It's strange..it's almost like people have this lackadaisical attitude of, "another gorgeous day in Paradise and who cares about anything else". Don't get me wrong.... I LOVE San Diego and never have plans to leave it. But I've never in my life lived in a City where people seem to care less about Civics/politics, taxes, etc. Heck, before this big Filner mess, I'd venture to guess than many locals didn't even know who the Mayor was!

So I'm VERY content in FOREVER ending my Mello Roos obligations. I still say in the future maybe they don't allow it but those that already paid it off will be forever "off the hook". :)

Submitted by ocrenter on September 18, 2013 - 9:34pm.

I'm in complete agreement with ER in regard to paying off the MR. Unless you are a seasoned investor, how many of us has the ability to generate 7% return on our investment year after year for 30 years? Yet that's exactly what you are doing when you pay off the MR. Instead, a lot of people I know are committing to a 20 year solar panel lease at a rate of 7%.

How many people actually sold homes with years of high interest obligation to solar leasing companies? Yet all of the solar companies advertise about the increased home value like gospel. What about the MR? Nobody dares to even say you'll break even on the appraisal value. But seriously, put up a listing with the opening: "owner paid off entire MR, saving you $6-10k a year" and that's not going get a buyer's attention???

The MR payoff is an absolute no brainer.

Submitted by Essbee on September 18, 2013 - 11:05pm.

earlyretirement wrote:

FYI. Anyone that lives in the area and wants to attend the meeting, let me know. It's Tuesday, September 24 at 6:30 PM at Santaluz. PM me and I can get you on the list to attend as it's open to the public. Santaluz is guard gated but I can get you on the list if you want to attend this meeting about the Assisted Living Center.

ER, can you give a little more info? What is the location of this Assisted Living facility? Is it behind the gates of Santaluz, or elsewhere? The reason I ask is because I am wondering if it is the ongoing development on the north side of Carmel Valley Road, between the Black Mountain Community Park with the baseball fields, and the turnoff for Ivy Gate? Someone told me that they had heard that it might be developed as senior living, but it seems like an odd location and it looks like they are building small homesites rather than configuring the land to accommodate a large footprint building.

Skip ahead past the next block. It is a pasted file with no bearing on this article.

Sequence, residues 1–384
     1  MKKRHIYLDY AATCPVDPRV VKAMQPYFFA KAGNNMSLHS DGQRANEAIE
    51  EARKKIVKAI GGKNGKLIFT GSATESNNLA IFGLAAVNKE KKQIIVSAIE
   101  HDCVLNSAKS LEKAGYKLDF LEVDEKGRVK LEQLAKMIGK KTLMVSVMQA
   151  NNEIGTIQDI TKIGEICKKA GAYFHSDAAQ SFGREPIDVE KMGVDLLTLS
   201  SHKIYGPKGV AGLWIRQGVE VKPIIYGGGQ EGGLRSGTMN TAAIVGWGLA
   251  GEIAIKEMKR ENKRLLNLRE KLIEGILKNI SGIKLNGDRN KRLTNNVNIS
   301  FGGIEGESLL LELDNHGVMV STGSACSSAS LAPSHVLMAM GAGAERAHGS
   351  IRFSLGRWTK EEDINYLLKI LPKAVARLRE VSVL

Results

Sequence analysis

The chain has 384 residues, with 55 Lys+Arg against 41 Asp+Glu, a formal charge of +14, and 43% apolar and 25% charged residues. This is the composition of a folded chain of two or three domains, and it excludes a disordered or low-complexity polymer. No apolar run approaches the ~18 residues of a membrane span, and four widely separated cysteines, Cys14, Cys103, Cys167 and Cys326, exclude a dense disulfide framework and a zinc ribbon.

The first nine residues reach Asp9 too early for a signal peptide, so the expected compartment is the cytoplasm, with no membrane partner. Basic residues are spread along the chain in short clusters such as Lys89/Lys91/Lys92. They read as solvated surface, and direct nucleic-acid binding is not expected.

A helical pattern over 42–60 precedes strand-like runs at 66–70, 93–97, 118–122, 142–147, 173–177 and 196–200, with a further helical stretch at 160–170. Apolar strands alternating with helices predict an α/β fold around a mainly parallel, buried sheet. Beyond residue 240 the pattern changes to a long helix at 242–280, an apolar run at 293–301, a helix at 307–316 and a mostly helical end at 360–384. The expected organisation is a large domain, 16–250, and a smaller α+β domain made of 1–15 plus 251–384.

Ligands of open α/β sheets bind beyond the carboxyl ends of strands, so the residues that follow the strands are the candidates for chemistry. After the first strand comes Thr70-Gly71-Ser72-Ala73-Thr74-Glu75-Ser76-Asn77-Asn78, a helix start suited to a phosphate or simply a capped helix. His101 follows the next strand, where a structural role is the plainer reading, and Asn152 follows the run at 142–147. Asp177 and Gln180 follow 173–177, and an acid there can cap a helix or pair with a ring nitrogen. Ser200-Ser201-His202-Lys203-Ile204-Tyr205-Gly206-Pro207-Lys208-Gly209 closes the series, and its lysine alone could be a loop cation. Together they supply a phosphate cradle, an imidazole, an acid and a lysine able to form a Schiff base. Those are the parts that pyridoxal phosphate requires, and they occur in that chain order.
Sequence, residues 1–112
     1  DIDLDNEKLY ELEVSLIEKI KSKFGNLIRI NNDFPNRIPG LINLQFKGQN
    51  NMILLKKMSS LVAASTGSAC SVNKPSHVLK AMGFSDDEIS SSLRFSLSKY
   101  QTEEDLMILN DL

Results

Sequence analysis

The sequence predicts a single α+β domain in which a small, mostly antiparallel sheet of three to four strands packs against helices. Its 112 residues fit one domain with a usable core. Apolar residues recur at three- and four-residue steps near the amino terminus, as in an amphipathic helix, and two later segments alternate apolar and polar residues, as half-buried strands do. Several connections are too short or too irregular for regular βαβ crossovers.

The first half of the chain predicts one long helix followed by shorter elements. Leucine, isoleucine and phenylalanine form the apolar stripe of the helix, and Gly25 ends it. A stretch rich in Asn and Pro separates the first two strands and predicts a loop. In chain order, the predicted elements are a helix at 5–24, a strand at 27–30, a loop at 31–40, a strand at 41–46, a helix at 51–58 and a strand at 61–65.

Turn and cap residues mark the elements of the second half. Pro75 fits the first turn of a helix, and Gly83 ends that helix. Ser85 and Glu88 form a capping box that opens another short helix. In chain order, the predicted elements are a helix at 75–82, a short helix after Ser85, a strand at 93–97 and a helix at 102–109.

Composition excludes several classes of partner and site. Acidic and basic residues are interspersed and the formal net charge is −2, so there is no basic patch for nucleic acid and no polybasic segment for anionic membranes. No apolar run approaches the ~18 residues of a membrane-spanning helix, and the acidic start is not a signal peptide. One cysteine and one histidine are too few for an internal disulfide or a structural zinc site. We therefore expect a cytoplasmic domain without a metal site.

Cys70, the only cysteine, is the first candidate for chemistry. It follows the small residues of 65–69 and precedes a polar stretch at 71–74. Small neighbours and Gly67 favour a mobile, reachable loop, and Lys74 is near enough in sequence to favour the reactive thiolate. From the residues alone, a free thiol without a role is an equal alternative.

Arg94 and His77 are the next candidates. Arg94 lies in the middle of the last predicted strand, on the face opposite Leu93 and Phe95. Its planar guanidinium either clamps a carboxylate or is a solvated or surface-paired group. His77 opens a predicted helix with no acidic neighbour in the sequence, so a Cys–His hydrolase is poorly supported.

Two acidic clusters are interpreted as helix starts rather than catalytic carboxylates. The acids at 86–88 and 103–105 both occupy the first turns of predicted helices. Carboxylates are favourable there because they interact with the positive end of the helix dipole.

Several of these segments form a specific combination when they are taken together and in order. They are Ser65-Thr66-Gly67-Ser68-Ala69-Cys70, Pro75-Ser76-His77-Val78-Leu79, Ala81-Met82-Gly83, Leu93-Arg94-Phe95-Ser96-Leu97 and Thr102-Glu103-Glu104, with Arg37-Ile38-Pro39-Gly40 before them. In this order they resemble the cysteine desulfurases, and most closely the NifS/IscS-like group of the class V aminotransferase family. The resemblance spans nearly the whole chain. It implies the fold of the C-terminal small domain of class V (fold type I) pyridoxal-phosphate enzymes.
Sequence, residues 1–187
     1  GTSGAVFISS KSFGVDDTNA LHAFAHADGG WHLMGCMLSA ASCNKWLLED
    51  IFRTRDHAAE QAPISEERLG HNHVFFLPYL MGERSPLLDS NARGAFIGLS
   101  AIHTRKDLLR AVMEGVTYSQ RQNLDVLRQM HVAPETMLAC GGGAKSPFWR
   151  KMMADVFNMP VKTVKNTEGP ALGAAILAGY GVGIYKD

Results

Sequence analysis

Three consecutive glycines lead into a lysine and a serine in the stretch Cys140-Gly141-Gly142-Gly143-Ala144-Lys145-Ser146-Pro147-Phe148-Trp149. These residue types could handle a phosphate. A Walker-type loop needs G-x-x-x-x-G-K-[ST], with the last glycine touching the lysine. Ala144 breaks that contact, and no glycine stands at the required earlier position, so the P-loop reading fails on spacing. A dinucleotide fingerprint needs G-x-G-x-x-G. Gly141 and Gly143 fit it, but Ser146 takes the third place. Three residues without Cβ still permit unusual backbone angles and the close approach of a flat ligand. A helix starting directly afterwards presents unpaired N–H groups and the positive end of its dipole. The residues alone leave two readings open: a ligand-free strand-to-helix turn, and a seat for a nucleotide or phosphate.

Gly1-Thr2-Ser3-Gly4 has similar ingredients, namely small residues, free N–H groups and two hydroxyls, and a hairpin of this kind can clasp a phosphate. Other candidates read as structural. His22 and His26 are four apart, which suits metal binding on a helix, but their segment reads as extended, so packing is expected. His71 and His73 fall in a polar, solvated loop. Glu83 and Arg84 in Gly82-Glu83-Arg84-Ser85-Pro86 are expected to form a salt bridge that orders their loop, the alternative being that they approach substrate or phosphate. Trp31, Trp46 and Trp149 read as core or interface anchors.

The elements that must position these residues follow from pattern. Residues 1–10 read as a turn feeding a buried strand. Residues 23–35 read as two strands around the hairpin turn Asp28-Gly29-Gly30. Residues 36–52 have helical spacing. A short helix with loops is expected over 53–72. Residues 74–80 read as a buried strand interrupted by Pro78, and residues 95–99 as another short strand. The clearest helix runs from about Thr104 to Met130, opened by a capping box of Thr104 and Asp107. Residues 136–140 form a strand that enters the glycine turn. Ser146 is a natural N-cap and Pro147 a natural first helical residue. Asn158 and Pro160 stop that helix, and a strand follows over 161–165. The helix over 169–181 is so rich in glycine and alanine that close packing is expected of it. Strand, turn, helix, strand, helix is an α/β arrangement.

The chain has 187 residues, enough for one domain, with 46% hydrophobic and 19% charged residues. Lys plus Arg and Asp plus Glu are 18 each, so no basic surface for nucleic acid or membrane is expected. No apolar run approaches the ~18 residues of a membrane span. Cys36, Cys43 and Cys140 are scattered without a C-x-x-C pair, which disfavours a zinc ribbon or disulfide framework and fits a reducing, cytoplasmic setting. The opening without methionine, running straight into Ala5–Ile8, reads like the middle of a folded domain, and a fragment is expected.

I am very interested in local issues but my free time is almost nil, unfortunately.

Submitted by earlyretirement on September 19, 2013 - 12:07am.

Essbee wrote:
earlyretirement wrote:

FYI. Anyone that lives in the area and wants to attend the meeting, let me know. It's Tuesday, September 24 at 6:30 PM at Santaluz. PM me and I can get you on the list to attend as it's open to the public. Santaluz is guard gated but I can get you on the list if you want to attend this meeting about the Assisted Living Center.

ER, can you give a little more info? What is the location of this Assisted Living facility? Is it behind the gates of Santaluz, or elsewhere? The reason I ask is because I am wondering if it is the ongoing development on the north side of Carmel Valley Road, between the Black Mountain Community Park with the baseball fields, and the turnoff for Ivy Gate? Someone told me that they had heard that it might be developed as senior living, but it seems like an odd location and it looks like they are building small homesites rather than configuring the land to accommodate a large footprint building.

I am very interested in local issues but my free time is almost nil, unfortunately.

No, it's NOT within the gates of Santaluz. They would NEVER allow that plus there is NO zoning for that. It's on that grassy area next to Willow Grove Elementary School. The land isn't being utilized now.

You can see some more information here below (which is cut and pasted verbatim from correspondence that was sent to me).
__________________________________________

SANTALUZ ASSISTED LIVING AND MEMORY CARE FACILITY PROJECT DESCRIPTION

• Our Goal is to provide a warm, inviting and safe place for our Seniors with disabilities to live a full life, including the wonderful intergenerational program opportunities with the adjacent schools.

• Assisted Living and Memory Care facilities are centrally located to provide care for our love ones, usually within two to five miles from their immediate families’ homes. Our project will provide this important service to the community and believe it will be an asset to all of the surrounding neighborhoods.

• The design is for a one and two-story project providing 32 units of Assisted Living and 32 units of Memory Care with a maximum of 74 Beds. The building layout has been designed to take advantage of the “L” shaped lot, provide good setbacks, and have a minimal impact on the surrounding neighborhood.

• This Senior Housing use itself is a very low impact one, with a quiet user group and minimal traffic that will be generated.